A little more than 20 years before President John F. Kennedy was assassinated in Dallas on Nov. 22, 1963, Kennedy, a U.S. Navy lieutenant, swam alone in the waters of Blackett Straight in the Solomon Islands on a mission to save the crew of PT-109.
In the dark, early morning hours of Aug. 2, 1943, the Japanese destroyer Amagiri rammed the Patrol Torpedo boat (PT-109) skippered by Kennedy, cutting the boat in two and killing two of his crewmen.
Lt. Kennedy, who was seriously injured in the attack, spent 30 of the next 36 hours in the water, rounded up the wounded survivors into a part of the plywood boat that was somewhat intact, and, the next day, led them on a three-mile swim to safety on a small island.
For the next three days, he risked his life in an effort to get his crew rescued.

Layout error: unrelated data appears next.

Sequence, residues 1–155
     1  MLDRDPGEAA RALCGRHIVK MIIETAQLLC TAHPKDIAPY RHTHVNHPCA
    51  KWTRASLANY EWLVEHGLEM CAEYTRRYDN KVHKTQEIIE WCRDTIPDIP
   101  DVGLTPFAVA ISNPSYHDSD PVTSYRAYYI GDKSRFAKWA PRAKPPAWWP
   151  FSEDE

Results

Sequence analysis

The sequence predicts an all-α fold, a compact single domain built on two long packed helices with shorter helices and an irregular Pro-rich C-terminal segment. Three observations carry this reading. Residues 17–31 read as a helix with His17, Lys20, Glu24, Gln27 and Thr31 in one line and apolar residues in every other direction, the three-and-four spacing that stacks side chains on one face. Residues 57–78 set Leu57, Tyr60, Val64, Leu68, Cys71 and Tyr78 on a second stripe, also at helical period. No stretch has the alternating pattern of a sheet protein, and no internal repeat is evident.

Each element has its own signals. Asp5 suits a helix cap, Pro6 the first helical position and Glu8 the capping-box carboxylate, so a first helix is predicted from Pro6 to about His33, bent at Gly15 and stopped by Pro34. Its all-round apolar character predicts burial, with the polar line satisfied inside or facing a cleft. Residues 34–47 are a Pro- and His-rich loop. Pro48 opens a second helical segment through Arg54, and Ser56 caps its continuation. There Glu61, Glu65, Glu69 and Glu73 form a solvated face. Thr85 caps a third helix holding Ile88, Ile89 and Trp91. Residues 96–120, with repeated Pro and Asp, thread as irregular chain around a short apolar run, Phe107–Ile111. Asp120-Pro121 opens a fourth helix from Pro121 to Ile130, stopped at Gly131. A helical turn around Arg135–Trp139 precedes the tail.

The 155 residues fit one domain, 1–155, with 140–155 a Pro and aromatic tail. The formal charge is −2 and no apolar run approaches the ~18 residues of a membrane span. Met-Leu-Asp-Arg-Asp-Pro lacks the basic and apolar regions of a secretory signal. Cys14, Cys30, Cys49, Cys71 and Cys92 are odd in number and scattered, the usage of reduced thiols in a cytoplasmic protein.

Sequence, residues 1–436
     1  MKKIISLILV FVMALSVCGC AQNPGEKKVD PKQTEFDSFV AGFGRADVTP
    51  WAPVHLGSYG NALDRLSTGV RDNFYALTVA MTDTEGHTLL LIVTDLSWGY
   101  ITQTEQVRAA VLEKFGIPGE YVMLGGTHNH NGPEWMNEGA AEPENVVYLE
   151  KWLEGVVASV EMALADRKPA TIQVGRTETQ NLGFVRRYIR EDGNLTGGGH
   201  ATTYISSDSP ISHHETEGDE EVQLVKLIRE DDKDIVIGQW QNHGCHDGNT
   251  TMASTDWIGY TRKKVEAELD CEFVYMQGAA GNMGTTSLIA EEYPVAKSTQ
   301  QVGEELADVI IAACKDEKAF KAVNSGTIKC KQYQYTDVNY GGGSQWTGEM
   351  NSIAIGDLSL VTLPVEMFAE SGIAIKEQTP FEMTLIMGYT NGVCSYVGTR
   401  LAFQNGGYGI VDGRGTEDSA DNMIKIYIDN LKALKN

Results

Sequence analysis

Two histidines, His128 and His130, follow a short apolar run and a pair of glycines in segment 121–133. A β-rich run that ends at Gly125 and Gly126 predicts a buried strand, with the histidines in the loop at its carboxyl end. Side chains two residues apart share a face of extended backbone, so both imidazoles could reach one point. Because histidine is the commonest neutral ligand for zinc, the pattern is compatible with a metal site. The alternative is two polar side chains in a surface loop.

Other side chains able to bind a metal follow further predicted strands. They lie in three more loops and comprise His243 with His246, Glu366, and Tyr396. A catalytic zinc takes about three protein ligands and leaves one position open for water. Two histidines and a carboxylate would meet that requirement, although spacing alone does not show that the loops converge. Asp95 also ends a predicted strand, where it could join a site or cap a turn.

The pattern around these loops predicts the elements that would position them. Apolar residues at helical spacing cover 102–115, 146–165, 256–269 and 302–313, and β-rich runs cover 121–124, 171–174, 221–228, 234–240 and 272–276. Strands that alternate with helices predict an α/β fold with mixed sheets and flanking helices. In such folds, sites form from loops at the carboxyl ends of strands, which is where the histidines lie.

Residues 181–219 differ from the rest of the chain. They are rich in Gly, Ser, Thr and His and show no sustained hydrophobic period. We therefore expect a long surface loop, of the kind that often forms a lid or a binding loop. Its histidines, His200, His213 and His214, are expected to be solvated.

At one point, Kennedy carved a coconut shell with a message and gave it to two natives to deliver to the PT base on Rendova Island in the Solomons.
He later had the coconut shell encased in wood and plastic and used it as a paperweight on his desk in the Oval Office. It’s on exhibit at the John F. Kennedy Presidential Library and Museum.
The message carved on the coconut shell reads: ISL COMMANDER NATIVE KNOWS POSIT HE CAN PILOT 11 ALIVE NEED SMALL BOAT KENNEDY
With the help of some Solomon Islanders, he succeeded in his mission.